Adoptee Rage! This blog is written exclusively for the 38% of Abused and Neglected Adopted Children. The U.S. HHSA Identifies #1 Risk: Maltreatment, Child Abuse and Risk for Death In Adopted children. Childhood domination, Coping compensation. Research in Adoption Psychology, Developmental Trauma"The Adoption Paradox". By Rainstorm Red-Smith
About Adoptee Rage
Statistics Identify large populations of Adoptees in prisons, mental hospitals and committed suicide.
Fifty years of scientific studies on child adoption resulting in psychological harm to the child and
poor outcomes for a child's future.
Medical and psychological attempts to heal the broken bonds of adoption, promote reunions of biological parents and adult children. The other half of attempting to repair a severed Identity is counselling therapy to rebuild the self.
Tuesday, December 9, 2014
Recasting the Adopted Child's ROLE
ADOPTEE RAGE! Recasting The "Adopted Child's Role" __________________________________________
Recasting "Adoption Displacement"
The term "adoption displacement" has become increasingly accepted as a way to refer to the situation of adopted children who return to foster care or group care. In a recent article in the Journal of Child Welfare, authors Trudy Festinger and Penelope Maza suggest that the negative connotations associated with this term may affect the expectations of professionals involved and unfairly label the children in this situation.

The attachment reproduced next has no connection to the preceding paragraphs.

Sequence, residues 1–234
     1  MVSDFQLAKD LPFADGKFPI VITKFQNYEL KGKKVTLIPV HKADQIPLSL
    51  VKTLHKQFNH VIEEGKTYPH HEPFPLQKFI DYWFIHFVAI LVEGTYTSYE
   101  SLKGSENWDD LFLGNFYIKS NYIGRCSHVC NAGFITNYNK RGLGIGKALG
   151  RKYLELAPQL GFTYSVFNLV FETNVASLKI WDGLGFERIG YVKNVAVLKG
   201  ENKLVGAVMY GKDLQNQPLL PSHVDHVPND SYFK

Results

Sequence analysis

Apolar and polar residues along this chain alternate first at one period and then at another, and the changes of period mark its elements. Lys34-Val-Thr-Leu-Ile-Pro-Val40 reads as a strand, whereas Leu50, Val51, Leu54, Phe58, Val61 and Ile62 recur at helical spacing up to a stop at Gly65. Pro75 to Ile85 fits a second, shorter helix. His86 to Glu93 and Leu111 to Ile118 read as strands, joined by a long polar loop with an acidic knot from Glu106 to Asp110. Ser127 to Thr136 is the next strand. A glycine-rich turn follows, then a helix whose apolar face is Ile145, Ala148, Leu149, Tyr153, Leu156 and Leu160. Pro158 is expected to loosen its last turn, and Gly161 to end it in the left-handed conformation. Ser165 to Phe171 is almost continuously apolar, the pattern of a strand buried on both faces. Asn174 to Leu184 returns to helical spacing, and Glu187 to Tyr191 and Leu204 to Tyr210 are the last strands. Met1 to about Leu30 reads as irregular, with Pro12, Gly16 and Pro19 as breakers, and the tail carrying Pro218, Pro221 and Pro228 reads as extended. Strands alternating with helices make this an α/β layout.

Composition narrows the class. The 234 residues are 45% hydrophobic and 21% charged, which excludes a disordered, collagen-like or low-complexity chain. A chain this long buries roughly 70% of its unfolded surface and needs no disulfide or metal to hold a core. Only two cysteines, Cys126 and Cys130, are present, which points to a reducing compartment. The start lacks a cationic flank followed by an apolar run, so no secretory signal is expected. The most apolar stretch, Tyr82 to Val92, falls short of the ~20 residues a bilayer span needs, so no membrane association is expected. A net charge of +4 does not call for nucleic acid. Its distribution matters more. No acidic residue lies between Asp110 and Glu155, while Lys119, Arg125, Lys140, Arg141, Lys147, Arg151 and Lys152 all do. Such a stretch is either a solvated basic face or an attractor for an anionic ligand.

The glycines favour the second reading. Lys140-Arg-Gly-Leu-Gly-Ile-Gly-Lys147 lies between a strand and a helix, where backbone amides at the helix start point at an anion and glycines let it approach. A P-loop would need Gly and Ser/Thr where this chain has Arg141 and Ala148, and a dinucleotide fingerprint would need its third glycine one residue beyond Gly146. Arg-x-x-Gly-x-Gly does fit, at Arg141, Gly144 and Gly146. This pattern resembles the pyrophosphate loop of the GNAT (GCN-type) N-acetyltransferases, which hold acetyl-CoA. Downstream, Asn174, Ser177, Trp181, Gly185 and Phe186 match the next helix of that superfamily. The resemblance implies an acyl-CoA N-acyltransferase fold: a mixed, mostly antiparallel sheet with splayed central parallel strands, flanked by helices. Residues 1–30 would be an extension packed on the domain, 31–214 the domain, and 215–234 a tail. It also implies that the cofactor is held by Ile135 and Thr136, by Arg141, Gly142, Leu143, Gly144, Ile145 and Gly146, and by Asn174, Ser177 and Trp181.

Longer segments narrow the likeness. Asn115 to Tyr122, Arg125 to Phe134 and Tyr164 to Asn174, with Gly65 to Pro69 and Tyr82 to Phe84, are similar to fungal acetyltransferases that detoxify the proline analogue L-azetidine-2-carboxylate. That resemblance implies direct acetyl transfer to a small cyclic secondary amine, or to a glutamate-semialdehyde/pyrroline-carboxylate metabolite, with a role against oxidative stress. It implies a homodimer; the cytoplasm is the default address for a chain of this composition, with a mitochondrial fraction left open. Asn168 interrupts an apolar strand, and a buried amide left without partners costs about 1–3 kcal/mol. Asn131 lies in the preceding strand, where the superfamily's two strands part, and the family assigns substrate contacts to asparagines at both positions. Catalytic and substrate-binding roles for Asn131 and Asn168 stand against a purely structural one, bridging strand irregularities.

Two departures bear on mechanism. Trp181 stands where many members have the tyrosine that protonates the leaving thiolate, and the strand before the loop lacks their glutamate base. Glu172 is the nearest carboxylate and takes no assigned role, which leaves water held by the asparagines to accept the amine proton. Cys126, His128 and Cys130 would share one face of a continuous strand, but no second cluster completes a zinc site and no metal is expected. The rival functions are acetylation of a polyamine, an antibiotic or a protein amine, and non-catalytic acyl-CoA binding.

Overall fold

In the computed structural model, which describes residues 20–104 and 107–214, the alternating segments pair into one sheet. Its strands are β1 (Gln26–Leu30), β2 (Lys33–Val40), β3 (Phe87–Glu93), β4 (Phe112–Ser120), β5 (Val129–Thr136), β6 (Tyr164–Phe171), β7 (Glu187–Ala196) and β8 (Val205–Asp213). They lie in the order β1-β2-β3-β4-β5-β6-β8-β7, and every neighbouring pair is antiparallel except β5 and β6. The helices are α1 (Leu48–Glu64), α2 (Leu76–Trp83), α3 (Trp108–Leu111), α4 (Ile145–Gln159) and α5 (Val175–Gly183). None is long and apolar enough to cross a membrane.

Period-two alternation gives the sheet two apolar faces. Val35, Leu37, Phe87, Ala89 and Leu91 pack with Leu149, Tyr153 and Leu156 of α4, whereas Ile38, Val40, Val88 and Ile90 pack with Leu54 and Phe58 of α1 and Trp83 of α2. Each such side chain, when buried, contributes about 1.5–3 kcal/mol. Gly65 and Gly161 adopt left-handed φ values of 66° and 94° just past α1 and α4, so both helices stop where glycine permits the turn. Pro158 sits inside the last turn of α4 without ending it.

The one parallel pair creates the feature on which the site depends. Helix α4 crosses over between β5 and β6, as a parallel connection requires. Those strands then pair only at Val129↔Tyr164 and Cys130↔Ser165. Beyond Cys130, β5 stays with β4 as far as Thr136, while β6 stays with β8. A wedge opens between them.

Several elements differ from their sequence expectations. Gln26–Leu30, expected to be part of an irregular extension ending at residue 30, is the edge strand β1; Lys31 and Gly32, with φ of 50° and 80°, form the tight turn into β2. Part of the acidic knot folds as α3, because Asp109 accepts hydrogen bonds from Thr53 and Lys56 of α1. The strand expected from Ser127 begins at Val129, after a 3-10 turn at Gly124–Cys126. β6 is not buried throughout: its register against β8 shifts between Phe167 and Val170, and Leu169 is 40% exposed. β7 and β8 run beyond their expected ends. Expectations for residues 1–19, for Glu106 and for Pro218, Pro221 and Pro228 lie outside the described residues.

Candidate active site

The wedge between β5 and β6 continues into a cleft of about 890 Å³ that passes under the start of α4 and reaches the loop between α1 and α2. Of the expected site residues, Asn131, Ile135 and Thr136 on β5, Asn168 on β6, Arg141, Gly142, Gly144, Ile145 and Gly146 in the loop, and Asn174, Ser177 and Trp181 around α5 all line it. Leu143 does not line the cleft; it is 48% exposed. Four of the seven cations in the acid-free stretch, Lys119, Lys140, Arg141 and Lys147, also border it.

In its place, Festinger and Maza suggest use of the term "postadoption placement," which is less value laden. This term better reflects research findings that show that most of the children who enter foster care after adoption eventually return to their adoptive homes after a period of placement.
Using fiscal year 2005 data from the Adoption and Foster Care Analysis and Reporting System (AFCARS) administered by the Children's Bureau, the authors analyzed data on children in State child welfare systems who had ever been adopted. Compared to children in the child welfare system who had never been adopted, those who had been adopted were more likely to be older (often in their teens), more likely to enter care because of behavior problems, and more likely to be placed in group settings. When the previously adopted children exited foster care, the majority returned to their adoptive homes. For those whose adoptions had dissolved, most were again adopted.
These statistics indicate that for those adopted children who enter foster care, the foster care placement is just temporary until they return home or to another permanent placement. Therefore, "postadoption placement" better describes their circumstances and avoids the negative connotations of "adoption displacement."
Festinger and Maza's article appeared in the Journal of Child Welfare, Vol. 3(3) from July 2009 and is available for purchase on the publisher's website: